Blue Devil of the Week: Duke’s Presidential Fellow for 2022-23
As a researcher, teacher and budding leader, Adrienne Stiff-Roberts is learning about Duke from many angles
“It’s really helped create a community among our students,” Stiff-Roberts said. “That’s crucial because a big piece of student success is feeling like you belong, that you have a community on campus. Being able to provide that across disciplines is very satisfying.”
During the 2022-23 academic year, Stiff-Roberts has another role as a Presidential Fellow.
Launched in 2021, the Presidential Fellowship program gives a faculty member the chance to receive mentorship from senior leaders and observe leadership in action through participation in leadership meetings and projects of interest.
“You get to be a sponge and absorb all of this different information,” Stiff-Roberts said. “You can see the much bigger picture that’s behind the things that affect what you do every day.”
What she values about working here: Stiff-Roberts teaches courses for both graduate students and second-year undergraduates. Whether helping Ph.D. students take the final steps toward their degree or teaching undergraduates about solar cells, she’s continually inspired by the curiosity and commitment of the students she encounters.
“They’re all very earnest, excited, open to learning and wanting to do their best,” Stiff-Roberts said. “The students make it really easy to teach and to mentor. They make my job very enjoyable.”
She’s found a way to inspire curiosity in younger minds through an outreach program she’s developing with a teacher from Durham’s Lyons Farm Elementary School. The program provides students with learning modules informed by engineering design concepts.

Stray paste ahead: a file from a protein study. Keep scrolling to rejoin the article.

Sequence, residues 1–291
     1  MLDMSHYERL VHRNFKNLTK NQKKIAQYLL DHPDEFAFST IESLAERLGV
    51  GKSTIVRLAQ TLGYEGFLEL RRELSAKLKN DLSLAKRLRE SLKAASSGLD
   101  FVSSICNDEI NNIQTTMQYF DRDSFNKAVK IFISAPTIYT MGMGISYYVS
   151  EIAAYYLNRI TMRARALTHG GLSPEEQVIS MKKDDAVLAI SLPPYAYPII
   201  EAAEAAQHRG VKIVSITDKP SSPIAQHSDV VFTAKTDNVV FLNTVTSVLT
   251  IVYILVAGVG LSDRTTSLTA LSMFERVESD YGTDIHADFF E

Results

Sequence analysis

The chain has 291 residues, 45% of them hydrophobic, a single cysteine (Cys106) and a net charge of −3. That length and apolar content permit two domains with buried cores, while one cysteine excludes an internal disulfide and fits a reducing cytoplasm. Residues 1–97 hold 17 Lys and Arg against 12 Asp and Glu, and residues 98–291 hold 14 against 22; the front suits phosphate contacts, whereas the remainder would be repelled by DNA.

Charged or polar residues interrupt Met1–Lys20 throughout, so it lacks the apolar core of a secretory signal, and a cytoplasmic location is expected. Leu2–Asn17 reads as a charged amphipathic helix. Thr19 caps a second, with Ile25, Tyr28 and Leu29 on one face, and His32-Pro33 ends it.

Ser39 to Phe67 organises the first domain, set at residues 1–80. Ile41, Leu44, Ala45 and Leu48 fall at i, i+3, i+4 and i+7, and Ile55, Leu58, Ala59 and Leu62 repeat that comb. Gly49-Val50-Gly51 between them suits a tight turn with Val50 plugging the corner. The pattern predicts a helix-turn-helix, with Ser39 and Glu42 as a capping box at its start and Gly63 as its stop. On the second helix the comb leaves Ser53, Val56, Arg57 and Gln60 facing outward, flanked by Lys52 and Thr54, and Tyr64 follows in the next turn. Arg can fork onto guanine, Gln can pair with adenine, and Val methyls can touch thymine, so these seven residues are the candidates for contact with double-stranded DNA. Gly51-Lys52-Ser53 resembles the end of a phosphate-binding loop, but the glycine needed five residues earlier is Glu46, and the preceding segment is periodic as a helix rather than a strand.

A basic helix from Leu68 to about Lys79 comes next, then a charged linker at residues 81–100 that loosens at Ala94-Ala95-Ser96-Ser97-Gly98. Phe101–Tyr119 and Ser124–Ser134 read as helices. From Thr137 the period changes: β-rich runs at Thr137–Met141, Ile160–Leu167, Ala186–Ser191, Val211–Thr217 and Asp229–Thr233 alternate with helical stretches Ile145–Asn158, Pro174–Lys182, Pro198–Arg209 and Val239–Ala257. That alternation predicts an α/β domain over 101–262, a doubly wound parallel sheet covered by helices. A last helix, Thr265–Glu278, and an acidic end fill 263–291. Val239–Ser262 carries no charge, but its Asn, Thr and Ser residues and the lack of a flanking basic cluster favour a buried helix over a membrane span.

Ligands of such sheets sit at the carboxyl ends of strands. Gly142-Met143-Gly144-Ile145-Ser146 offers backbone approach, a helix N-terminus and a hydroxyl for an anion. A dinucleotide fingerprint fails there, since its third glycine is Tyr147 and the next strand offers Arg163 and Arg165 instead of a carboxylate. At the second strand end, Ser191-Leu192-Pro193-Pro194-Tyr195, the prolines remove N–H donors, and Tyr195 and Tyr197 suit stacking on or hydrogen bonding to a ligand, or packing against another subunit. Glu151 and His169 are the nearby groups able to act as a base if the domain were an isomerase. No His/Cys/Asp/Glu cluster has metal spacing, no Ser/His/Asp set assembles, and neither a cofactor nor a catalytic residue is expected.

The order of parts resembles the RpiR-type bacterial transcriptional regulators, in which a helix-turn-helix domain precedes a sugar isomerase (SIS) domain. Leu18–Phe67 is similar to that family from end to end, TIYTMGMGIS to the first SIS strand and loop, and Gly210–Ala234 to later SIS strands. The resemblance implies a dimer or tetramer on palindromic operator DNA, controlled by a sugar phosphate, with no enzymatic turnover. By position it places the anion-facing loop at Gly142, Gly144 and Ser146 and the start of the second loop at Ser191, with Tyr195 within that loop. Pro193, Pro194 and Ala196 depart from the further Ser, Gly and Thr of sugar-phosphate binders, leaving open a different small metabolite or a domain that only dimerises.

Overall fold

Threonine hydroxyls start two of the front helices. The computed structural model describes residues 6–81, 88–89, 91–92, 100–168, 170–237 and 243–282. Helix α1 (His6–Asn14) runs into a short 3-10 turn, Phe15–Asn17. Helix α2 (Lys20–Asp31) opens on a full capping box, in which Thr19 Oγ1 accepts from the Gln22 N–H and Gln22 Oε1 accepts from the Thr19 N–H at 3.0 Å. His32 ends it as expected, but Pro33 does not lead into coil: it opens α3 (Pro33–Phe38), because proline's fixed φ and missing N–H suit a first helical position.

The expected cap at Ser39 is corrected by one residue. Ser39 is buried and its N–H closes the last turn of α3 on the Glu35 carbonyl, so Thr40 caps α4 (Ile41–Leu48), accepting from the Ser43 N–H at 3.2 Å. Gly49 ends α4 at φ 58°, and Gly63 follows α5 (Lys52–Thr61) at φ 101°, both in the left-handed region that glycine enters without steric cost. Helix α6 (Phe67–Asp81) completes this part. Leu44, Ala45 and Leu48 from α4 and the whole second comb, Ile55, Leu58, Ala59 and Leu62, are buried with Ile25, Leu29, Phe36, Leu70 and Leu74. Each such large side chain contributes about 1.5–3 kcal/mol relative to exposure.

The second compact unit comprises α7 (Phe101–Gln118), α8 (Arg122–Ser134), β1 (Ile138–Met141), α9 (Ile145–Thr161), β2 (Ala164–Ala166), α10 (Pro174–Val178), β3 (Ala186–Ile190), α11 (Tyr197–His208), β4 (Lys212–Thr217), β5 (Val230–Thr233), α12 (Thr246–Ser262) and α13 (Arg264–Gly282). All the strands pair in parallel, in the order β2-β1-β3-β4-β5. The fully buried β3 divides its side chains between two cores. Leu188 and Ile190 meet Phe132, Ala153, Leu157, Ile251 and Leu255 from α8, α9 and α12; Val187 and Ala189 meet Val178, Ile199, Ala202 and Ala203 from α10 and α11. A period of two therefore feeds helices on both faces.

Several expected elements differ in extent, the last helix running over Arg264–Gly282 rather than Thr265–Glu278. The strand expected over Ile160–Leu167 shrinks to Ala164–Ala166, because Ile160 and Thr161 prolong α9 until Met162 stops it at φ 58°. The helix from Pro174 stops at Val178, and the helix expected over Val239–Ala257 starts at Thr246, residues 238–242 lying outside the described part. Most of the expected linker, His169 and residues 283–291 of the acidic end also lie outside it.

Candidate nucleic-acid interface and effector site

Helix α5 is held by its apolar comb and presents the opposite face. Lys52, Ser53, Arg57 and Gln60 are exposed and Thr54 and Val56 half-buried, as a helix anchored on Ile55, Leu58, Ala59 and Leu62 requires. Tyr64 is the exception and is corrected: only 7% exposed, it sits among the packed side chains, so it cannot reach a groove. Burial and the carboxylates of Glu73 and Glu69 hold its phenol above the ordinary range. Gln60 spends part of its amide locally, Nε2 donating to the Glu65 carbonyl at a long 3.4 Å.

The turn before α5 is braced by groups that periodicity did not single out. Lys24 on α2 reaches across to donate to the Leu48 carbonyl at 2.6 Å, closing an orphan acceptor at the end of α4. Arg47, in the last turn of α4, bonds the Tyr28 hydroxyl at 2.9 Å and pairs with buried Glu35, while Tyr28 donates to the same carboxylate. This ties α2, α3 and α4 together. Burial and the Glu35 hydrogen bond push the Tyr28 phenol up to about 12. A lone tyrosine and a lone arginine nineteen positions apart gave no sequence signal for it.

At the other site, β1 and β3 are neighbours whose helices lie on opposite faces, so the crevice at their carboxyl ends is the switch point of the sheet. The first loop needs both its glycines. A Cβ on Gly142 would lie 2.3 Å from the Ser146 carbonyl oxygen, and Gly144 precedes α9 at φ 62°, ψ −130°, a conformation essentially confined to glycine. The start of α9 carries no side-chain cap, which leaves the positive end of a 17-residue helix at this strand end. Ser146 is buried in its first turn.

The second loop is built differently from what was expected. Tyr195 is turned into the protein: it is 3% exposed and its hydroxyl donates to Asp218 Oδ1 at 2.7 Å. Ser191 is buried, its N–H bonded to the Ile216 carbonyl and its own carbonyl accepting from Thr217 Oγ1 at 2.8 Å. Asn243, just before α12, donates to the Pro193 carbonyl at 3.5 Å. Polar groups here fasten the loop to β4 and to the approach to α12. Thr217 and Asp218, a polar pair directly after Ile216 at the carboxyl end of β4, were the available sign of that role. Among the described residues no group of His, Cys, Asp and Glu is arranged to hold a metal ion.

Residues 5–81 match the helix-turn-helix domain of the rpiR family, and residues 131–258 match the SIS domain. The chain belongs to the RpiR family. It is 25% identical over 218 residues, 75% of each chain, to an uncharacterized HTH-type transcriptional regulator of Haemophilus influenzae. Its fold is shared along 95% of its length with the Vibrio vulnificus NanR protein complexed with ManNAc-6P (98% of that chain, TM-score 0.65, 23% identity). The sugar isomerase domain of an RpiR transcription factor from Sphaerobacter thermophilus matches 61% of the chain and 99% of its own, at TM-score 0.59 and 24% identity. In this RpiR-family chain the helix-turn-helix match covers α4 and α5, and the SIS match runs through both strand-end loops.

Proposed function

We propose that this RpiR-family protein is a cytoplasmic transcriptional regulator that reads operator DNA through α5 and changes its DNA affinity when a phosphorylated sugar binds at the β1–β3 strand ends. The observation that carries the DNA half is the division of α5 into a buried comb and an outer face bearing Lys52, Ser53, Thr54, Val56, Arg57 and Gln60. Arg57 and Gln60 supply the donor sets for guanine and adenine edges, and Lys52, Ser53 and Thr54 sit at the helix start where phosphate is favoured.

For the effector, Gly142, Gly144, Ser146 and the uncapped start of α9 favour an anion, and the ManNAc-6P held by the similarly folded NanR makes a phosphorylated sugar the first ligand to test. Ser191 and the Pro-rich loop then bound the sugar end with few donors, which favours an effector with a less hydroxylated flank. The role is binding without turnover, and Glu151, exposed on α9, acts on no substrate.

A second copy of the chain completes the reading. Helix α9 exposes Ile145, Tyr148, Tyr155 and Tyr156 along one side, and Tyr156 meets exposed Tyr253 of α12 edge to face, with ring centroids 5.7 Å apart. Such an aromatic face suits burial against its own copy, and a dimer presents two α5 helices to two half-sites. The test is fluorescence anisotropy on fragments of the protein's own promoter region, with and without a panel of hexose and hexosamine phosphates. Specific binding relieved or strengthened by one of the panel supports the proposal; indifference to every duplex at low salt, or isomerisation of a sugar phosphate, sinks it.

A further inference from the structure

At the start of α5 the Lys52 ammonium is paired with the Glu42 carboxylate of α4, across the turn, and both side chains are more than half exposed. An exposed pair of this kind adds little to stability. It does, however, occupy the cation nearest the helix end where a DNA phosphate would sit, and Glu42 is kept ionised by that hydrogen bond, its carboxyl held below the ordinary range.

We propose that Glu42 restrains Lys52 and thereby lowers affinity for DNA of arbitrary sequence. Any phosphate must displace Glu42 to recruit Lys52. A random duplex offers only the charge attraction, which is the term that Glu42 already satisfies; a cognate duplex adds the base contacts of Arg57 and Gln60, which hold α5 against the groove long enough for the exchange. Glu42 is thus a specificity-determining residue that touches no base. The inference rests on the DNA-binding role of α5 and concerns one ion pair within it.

Something people may not know about her: Since childhood, Stiff-Roberts has been fascinated by anime, the style of animated storytelling that originated in Japan. Often with vivid colors, multi-layers stories and a cinematic feel, anime has legions of devoted fans.
Stiff-Roberts recalls only being able to find anime titles on late-night TV or hard-to-find DVDs. But with the advent of streaming, anime has become much easier to find, and in turn, share with her two sons, who have become fans themselves.
“I think it’s the combination of the animation style and having something that you associate with being for children but which explores stories and themes which speak to adults that’s compelling,” Stiff-Roberts said.
Is there a colleague at Duke who has an intriguing job or goes above and beyond to make a difference? Nominate that person for Blue Devil of the Week.